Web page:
The workshops start with an exploration of who we see ourselves as, our self-image. “I know who I Am”.
Once we have a picture of who we are we need to learn to accept ourselves, both the parts we approve of and those we don’t approve of. This is different to self esteem, where we judge ourselves positively or negatively.
How we accept ourselves accepts how we relate to others because it affects how we behave towards others.
Self Compassion is an important aspect of Self Acceptance. As is acknowledging our feelings and accepting them without criticism. Being self compassionate allows us to understand our feelings without judgement and find a way to choose to act rather than reacting defensively.
This workshop looks at how to learn self acceptance, to use solitude and contact with others to resolve uncomfortable feelings. It also looks at how to self soothe, as so many people never learnt this skill in childhood.
Values and Beliefs
We have values and beliefs that form that basis of our beliefs about ourselves and about others. Often we do not even know what our values and beliefs are. We have ideas about what we think we should do, but they are often learned from significant people in our childhood. This workshop explores what you really believe and helps you to accept these beliefs unconditionally.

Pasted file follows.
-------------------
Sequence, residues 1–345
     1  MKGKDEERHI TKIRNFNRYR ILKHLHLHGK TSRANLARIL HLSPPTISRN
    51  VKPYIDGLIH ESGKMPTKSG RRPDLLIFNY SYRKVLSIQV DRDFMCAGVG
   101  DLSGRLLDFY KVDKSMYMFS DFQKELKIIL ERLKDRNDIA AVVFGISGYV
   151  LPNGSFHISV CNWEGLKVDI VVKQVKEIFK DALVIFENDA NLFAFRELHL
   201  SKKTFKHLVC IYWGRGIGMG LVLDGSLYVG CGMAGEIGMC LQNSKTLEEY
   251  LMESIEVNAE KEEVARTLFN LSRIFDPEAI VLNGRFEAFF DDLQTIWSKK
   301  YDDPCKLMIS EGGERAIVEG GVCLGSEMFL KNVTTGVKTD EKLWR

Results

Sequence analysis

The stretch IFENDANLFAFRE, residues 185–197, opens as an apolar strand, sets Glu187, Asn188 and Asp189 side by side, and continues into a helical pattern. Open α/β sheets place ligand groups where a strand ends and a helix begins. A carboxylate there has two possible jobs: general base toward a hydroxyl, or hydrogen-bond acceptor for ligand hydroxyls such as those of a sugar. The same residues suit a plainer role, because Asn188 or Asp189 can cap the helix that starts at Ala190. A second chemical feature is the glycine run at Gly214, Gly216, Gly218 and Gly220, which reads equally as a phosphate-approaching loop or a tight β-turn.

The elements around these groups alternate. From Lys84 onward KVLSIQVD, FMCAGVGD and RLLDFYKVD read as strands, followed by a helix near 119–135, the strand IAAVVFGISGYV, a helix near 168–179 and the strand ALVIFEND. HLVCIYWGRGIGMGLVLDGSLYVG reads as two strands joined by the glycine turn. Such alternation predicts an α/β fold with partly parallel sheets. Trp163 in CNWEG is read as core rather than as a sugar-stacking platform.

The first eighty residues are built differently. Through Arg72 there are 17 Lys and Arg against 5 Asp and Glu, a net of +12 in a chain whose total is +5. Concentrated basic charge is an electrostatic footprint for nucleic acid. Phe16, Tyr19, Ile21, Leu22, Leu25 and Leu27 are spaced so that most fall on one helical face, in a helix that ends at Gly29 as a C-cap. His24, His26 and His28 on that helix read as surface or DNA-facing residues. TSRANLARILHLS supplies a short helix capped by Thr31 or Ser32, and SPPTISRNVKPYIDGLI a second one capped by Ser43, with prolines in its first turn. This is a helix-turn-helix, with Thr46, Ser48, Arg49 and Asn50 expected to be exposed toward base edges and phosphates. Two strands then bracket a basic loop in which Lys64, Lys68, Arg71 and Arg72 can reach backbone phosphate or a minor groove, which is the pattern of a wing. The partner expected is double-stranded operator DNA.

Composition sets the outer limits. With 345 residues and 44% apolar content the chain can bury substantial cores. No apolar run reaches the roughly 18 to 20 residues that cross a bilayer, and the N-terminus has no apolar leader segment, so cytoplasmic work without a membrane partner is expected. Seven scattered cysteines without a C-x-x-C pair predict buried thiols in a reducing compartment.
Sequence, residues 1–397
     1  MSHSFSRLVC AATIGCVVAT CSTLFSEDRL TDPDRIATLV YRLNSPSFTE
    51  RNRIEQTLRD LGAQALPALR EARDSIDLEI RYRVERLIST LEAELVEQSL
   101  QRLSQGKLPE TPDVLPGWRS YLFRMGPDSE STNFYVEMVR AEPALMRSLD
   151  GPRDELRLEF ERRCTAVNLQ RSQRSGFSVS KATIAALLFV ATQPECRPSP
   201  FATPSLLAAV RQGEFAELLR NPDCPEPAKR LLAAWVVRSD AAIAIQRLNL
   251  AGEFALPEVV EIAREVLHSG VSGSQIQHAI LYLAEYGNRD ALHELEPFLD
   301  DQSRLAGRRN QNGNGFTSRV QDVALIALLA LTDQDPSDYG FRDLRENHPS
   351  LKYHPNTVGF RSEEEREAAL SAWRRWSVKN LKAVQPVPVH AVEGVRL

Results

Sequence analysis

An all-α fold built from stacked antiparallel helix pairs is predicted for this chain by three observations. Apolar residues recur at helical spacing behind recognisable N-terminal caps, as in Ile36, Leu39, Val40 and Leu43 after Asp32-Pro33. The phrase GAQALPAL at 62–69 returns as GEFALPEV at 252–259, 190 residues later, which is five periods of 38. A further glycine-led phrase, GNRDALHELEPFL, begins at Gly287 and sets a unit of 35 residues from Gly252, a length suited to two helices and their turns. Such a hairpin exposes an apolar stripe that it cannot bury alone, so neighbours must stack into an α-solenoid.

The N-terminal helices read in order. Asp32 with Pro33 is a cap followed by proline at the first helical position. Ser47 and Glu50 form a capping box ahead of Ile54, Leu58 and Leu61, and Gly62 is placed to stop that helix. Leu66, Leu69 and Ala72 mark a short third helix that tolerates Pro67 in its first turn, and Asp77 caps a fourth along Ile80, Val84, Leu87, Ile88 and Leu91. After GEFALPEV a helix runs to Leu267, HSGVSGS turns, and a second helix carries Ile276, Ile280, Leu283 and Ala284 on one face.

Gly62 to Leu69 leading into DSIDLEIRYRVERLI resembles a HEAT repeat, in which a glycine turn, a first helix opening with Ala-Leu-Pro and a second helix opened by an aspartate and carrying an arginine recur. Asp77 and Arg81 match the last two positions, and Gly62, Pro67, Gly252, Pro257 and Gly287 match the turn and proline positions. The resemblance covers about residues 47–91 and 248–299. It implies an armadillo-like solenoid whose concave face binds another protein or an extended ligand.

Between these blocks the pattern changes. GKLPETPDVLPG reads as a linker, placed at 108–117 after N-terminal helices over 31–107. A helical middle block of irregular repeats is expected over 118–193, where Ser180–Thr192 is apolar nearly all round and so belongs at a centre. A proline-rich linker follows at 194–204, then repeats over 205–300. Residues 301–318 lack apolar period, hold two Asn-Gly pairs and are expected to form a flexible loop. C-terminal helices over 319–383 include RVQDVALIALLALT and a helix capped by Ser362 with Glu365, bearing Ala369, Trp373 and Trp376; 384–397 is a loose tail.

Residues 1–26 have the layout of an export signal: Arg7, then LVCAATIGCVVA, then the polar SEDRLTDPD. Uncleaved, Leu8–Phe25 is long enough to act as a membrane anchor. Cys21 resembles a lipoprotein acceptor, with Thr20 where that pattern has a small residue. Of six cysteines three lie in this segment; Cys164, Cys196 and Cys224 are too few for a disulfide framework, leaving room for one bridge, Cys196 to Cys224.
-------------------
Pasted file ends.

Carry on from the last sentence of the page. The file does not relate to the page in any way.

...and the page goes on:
Learning where “I” ends and “You” starts is an important learning task in childhood. It is a difficult learning task and few of us reach adulthood with the ability to set good boundaries.
Boundaries are about respect for self and others. About knowing when to step back, not interfere, and let our friends, partners and children, ask for help if they need it. It is also about knowing it is okay to say no to others and that you have the right to have your decision respected. It is about what you allow others to do to you and when what they are doing is not something you have to accept.
In this workshop participants learn what a healthy boundary is and to respect themselves enough to set it and take responsibility for the decision they make regarding their boundaries.
Assertiveness is an important part of boundary setting. It is a style of communication and includes an attitude of respect for self and others. It is also about accepting responsibility for your own decisions and behaviour. Assertiveness is a skill that can be learned and is a vital part of healthy relationships. It is about feeling free to express feelings, thoughts and desires with respect and being able to say no to others without needing to explain.
This workshop explores the different communication styles and how to approach people with different communication styles as well as how to use an assertive communication style.
This workshop is paired closely with the following workshop, Communication and Negotiation.
Communication and Negotiation